Phasic modulation of corticomotor excitability during passive movement of the upper limb: effects of movement frequency and muscle specificity

G.N. Lewis, W.D. Byblow, Richard Carson

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Abstract

Modulations in the excitability of spinal reflex pathways during passive rhythmic movements of the lower limb have been demonstrated by a number of previous studies [4]. Less emphasis has been placed on the role of supraspinal pathways during passive movement, and on tasks involving the upper limb. In the present study, transcranial magnetic stimulation (TMS) was delivered to subjects while undergoing passive flexion-extension movements of the contralateral wrist. Motor evoked potentials (MEPs) of flexor carpi radialis (FCR) and abductor pollicus brevis (APB) muscles were recorded. Stimuli were delivered in eight phases of the movement cycle during three different frequencies of movement. Evidence of marked modulations in pathway excitability was found in the MEP amplitudes of the FCR muscle, with responses inhibited and facilitated from static values in the extension and flexion phases, respectively. The results indicated that at higher frequencies of movement there was greater modulation in pathway excitability. Paired-pulse TMS (sub-threshold conditioning) at short interstimulus intervals revealed modulations in the extent of inhibition in MEP amplitude at high movement frequencies. In the APE muscle, there was some evidence of phasic modulations of response amplitude, although the effects were less marked than those observed in FCR. It is speculated that these modulatory effects are mediated via Ia afferent pathways and arise as a consequence of the induced forearm muscle shortening and lengthening. Although the level at which this input influences the corticomotoneuronal pathway is difficult to discern, a contribution from cortical regions is suggested. (C) 2001 Published by Elsevier Science B.V.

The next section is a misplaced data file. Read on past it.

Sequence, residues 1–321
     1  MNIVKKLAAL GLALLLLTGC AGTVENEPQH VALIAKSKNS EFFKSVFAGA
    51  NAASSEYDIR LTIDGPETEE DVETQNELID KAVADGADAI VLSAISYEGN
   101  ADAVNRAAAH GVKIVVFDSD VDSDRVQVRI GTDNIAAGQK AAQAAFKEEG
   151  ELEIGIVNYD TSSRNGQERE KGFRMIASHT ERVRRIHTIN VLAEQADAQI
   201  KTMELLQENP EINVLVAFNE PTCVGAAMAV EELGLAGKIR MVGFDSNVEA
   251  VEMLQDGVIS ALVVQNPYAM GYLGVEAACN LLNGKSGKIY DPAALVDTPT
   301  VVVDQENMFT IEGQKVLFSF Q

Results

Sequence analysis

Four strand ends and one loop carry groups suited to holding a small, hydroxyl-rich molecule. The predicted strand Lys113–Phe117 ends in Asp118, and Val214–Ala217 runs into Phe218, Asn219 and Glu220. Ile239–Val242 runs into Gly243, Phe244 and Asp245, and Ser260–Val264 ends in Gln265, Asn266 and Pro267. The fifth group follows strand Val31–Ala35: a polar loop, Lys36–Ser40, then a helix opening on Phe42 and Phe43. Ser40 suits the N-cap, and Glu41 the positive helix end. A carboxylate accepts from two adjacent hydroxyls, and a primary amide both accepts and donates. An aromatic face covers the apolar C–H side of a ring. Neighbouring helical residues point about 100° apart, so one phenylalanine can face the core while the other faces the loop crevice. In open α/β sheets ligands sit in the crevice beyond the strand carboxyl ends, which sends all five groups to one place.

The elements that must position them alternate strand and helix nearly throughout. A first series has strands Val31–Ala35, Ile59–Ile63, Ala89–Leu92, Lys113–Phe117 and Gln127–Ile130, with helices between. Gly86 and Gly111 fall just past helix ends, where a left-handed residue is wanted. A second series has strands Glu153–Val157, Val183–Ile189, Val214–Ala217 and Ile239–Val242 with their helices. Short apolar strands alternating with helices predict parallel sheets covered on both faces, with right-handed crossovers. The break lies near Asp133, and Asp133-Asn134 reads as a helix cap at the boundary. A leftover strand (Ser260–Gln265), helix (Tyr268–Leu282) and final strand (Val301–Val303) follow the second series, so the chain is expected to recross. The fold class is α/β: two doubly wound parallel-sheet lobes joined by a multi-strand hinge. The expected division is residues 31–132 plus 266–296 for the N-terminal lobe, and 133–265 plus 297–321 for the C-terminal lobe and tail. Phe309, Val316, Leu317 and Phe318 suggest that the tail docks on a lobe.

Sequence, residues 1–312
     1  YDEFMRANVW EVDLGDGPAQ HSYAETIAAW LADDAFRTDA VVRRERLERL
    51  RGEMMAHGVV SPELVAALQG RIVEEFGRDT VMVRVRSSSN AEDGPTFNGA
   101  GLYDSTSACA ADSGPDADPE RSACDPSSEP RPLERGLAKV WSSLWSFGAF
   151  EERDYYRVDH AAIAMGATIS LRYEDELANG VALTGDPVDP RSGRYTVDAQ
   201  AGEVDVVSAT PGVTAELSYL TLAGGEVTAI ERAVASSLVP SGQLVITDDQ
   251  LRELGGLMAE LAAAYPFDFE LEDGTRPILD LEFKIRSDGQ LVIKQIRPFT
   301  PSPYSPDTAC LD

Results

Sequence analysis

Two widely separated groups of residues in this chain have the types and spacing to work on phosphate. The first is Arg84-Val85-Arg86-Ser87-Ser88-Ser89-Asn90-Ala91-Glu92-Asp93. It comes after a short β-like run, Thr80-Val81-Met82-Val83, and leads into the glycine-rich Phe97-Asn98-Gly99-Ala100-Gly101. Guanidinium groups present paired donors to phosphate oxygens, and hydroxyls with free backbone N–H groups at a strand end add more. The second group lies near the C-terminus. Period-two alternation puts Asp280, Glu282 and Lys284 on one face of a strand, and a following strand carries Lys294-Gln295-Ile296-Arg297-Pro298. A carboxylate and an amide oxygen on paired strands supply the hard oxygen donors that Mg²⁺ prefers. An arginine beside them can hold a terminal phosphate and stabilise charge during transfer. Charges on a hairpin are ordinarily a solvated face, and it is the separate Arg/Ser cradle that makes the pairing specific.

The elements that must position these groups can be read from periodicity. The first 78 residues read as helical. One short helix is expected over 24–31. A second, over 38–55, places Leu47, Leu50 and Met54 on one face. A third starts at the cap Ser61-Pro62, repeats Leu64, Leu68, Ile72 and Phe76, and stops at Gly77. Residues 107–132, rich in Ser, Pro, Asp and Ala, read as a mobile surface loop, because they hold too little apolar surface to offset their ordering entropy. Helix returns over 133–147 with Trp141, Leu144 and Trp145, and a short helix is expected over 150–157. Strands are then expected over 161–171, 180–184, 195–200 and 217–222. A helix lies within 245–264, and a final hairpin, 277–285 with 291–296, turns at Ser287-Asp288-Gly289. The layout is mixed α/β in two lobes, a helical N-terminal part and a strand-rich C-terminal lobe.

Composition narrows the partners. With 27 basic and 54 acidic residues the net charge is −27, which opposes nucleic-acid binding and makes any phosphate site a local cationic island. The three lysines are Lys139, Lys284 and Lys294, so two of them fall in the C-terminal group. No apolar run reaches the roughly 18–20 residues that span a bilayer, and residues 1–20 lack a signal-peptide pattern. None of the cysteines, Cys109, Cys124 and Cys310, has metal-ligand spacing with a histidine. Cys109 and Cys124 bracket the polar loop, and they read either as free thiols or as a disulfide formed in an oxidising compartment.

Original languageEnglish
Pages (from-to)282-294
Number of pages13
JournalBrain Research
Volume900
Issue number2
Publication statusPublished - 11 May 2001

ASJC Scopus subject areas

  • Neuroscience(all)

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